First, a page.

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An overview of (super 14) C analysis in the study of groundwater.

Mebus A Geyh


This paper provides a summary overview of the current state-of-art in the radiocarbon dating of groundwater. While the use of natural (super 14) C measurements in applied hydrogeology still presents a difficult challenge, meaningful dates can be achieved if they are determined and interpreted in conjunction with the analyses of other isotopic species that occur in the natural environment. Although (super 14) C dating of groundwater can be, and often is, carried out as a matter of routine, any specific case study requires its own scientific design and effort. As is widely recognized, and discussed in considerable detail throughout the scientific literature, there are many hydrogeochemical reactions and/or physical processes that can alter the natural (super 14) C enrichment measured in environmental materials. Fortunately, for fresh groundwater resources such effects are in general well defined and therefore of limited significance. The primary challenge in applied groundwater dating is with the development of the appropriate theoretical background against which (super 14) C dates can be used to calibrate numerical analogues of the groundwater system. The hydraulic properties of each of the widely used finite-element models can be well estimated from numerous piezometric data and extrapolations. In contrast, only a few groundwater ages can be provided for the calibration of those models that are complex functions of aging mixture and sometimes also hydrochemical reactions.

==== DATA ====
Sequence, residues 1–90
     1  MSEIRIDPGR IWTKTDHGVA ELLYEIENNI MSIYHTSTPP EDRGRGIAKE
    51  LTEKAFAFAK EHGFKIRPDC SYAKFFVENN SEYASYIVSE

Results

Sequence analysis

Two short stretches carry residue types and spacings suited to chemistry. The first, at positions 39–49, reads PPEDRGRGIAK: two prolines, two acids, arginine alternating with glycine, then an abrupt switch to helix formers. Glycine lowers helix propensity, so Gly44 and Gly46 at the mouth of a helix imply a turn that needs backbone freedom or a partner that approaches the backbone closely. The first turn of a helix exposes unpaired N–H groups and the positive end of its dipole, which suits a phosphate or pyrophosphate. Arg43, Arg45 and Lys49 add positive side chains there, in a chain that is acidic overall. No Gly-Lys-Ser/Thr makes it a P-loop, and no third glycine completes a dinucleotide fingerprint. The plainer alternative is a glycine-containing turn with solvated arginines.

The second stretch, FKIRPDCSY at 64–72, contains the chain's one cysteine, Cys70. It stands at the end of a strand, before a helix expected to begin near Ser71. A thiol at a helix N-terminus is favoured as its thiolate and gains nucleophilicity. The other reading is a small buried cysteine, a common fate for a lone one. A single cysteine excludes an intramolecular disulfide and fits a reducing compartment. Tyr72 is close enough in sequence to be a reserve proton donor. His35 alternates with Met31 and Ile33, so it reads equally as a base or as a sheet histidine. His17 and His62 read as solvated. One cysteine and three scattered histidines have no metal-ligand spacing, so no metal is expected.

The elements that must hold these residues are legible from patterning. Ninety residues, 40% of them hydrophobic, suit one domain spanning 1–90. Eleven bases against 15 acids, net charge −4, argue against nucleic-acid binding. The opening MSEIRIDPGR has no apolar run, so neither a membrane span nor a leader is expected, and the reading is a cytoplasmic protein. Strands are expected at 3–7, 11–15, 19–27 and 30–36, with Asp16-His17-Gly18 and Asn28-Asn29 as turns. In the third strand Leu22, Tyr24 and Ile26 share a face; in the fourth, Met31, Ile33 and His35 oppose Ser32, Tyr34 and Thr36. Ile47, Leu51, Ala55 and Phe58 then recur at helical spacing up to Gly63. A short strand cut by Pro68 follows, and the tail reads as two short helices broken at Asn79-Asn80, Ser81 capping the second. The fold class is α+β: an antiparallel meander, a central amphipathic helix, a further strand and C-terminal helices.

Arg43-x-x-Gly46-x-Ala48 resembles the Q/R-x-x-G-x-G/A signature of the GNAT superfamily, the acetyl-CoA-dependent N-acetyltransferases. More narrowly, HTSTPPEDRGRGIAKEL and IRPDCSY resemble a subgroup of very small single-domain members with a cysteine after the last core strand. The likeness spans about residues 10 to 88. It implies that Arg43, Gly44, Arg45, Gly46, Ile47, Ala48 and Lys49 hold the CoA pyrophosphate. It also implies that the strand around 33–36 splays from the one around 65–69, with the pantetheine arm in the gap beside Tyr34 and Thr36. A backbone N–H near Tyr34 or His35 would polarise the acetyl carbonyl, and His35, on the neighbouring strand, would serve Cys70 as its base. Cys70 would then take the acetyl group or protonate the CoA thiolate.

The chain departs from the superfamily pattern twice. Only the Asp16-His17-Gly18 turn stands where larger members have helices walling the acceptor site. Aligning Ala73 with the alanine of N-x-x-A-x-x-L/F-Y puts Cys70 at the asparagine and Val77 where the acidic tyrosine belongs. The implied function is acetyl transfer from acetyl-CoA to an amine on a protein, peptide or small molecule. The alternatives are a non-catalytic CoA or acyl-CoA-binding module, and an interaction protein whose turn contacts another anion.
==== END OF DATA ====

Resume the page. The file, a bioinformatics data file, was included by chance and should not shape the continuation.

dolomite;diffusion;hydrogeology;chemical reactions;corrections;recharge;hydrochemistry;calibration;ground water;human activity;C 14;carbon;isotopes;radioactive isotopes;carbon dioxide;absolute age;geochemistry;carbonates

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